The ASSERT study raises the possibility that patients who suffer ischemic strokes may have silent A-Fib. For those who had an A-Fib-associated stroke, 25% had their A-Fib detected at the time of the stroke. A-Fib-associated strokes account for about 20% of all ischemic strokes.

Unfortunately, from a public health perspective, longer-term monitors like the Medtronic Reveal LINQ (which lasts 3 years) are currently too expensive for screening the general population. Wearable or hand-held ECG monitors may ultimately fill this need.

Pacemakers Don’t Work to Prevent A-Fib

Another finding of the ASSERT study is that pacemakers (continuous overdrive pacing) “does not prevent clinical atrial fibrillation” episodes. (This was the primary question the ASSERT study was constructed to answer.)

Low CHA2DS-VASc and A-Fib Stroke Risk

Dr. Singer pointed out that, even with a high AF burden, there isn’t much stroke risk if the CHA2DS-VASc score is low.

He acknowledged that most Symposium attendees would probably consider that a 1-2-hour episode of silent A-Fib would be a risk factor for stroke.

While others would consider any A-Fib at all as requiring that the patient be put on anticoagulants.

Limitations of the ASSERT Study

The ASSERT study was not designed to study how long it takes for a clot/stroke to form.

The cut-off point at >17.72 hours is somewhat arbitrary. How many patients had strokes from 17.42 hours to 24 hours or 48 hours? What is the precise number of hours in A-Fib where the risk of stroke significantly increases?

ASSERT and TRENDS studied patients with pacemakers and defibrillators. These patients may have other heart problems that the average A-Fib patient doesn’t have.

Editor’s Comments:

Silent A-Fib (Subclinical Atrial Tachycardia [SCAF]) is really dangerous! This is an important public health issue.
I advocate everyone reaching age 65 have long-term monitoring for silent A-Fib. How many strokes could be prevented and lives saved simply by detecting silent A-Fib before it kills or disables people?
Silent A-Fib Is Dangerous―Get Tested at Age 65! If you are 65 or older, get tested for silent A-Fib. In the ASSERT study it took 36 days of monitoring to detect silent A-Fib (SCAF).
However, we don’t currently have rigorous trial evidence that such screening for A-Fib leads to lower stroke risk. The U.S. Preventive Services Task Force doesn’t yet recommend wide scale screening for A-Fib.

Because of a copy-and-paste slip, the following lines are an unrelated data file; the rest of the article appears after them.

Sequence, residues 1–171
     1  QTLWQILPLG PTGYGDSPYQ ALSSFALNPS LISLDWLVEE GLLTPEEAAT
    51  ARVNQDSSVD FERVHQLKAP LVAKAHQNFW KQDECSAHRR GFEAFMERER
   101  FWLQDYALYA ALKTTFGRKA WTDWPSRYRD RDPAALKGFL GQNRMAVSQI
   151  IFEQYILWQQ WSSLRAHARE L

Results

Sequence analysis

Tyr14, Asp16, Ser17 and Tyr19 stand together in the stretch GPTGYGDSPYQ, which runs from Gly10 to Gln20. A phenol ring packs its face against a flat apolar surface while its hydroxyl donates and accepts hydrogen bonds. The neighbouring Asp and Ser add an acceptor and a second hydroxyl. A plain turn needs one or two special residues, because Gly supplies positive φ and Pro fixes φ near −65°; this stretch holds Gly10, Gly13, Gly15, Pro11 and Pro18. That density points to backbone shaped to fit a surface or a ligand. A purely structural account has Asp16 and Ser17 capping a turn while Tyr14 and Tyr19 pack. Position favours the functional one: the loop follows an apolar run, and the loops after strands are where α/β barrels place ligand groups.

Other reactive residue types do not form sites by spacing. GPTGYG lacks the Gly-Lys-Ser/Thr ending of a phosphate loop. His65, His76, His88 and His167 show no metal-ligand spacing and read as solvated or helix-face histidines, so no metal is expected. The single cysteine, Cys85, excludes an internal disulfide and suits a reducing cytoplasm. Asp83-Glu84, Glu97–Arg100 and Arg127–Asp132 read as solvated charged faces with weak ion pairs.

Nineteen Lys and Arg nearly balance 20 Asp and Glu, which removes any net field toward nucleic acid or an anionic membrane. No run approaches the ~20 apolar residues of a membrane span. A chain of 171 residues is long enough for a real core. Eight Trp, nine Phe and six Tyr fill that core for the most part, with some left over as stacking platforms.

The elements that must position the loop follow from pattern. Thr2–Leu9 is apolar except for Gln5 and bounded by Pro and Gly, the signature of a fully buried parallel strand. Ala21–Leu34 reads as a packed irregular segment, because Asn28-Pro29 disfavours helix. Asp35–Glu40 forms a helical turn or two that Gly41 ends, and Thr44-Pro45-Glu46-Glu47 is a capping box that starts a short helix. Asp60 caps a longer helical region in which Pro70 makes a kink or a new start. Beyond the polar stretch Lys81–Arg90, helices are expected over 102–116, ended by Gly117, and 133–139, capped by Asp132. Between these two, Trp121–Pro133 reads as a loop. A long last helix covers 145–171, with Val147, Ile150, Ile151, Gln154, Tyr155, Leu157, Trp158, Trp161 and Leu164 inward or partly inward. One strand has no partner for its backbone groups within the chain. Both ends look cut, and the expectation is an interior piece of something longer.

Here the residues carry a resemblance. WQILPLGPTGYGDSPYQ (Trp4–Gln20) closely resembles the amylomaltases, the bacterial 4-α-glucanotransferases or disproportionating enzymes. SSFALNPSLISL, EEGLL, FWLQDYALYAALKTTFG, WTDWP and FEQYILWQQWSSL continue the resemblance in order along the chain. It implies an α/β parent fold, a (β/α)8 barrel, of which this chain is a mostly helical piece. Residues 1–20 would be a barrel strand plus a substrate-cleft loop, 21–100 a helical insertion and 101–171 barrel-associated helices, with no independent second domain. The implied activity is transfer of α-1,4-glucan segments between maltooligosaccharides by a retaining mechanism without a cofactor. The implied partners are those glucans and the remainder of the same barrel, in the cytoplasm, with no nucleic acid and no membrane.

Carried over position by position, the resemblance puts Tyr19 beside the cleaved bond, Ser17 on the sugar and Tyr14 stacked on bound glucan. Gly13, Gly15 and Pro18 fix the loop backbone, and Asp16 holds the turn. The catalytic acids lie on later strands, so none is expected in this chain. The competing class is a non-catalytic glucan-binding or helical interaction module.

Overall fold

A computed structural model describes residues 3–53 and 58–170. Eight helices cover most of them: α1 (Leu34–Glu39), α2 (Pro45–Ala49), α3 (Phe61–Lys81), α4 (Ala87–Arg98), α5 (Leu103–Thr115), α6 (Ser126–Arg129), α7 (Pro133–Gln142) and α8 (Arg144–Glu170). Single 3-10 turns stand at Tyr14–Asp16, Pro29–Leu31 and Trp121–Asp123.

Shorter Episodes of A-Fib Not Generally Dangerous: Despite studies such as ASSERT and TRENDS, we still need many more studies on how long it takes for a clot/stroke to form. Probably the most useful data to date comes from the ASSERT study stroke risk where it took around 24 hours of silent A-Fib before clot/stroke risk was significantly increased.
Added 10/11/21: In an article published by Dr. Singer in 2021, he states, “AF greater than 23 hours on a given day was associated with the clearest increase in stroke risk.” Stroke risk was increased most in days 1-5 following an AF episode, but decreased repidly thereafter.
Should All A-Fib Patients be on Anticoagulants? Patients with shorter episodes of A-Fib or those who develop A-Fib after a successful catheter ablation, may not need to be on anticoagulants at all.

Remember that anticoagulants are high risk drugs that shouldn’t be taken unless there is a real risk of stroke.

Hemorrhagic stroke: Another risk of A-Fib is a hemorrhagic stroke where blood bleeds/flows into the brain. For more, see my article, Anticoagulants Increase Risk of Hemorrhagic-Type Strokes

References for this report
Healey, J.S. et al. Subclinical Atrial Fibrillation and the Risk of Stroke. The New England Journal of Medicine 2012; 366:120-129.

Gotto, Jr., Antonio M. Bottom Line Health, Vol 26, November 2012, p. 4.

Van Gelder, I.C. et al. Duration of device-detected subclinical atrial fibrillation and occurrence of stroke in ASSERT. European Heart Journal, Volume 38, Issue 17. 1 May 2017, Pages 1339-1344,

Singer, D.E. et al. Temporal Association Between Episodes of Atrial Fibrillation and Risk of Ischemic Stroke. JAMA Cardiol. Published online September 29, 2021. doi:10.1001/jamacardio.2021.3702

If you find any errors on this page, email us. Y Last updated: Tuesday, October 12, 2021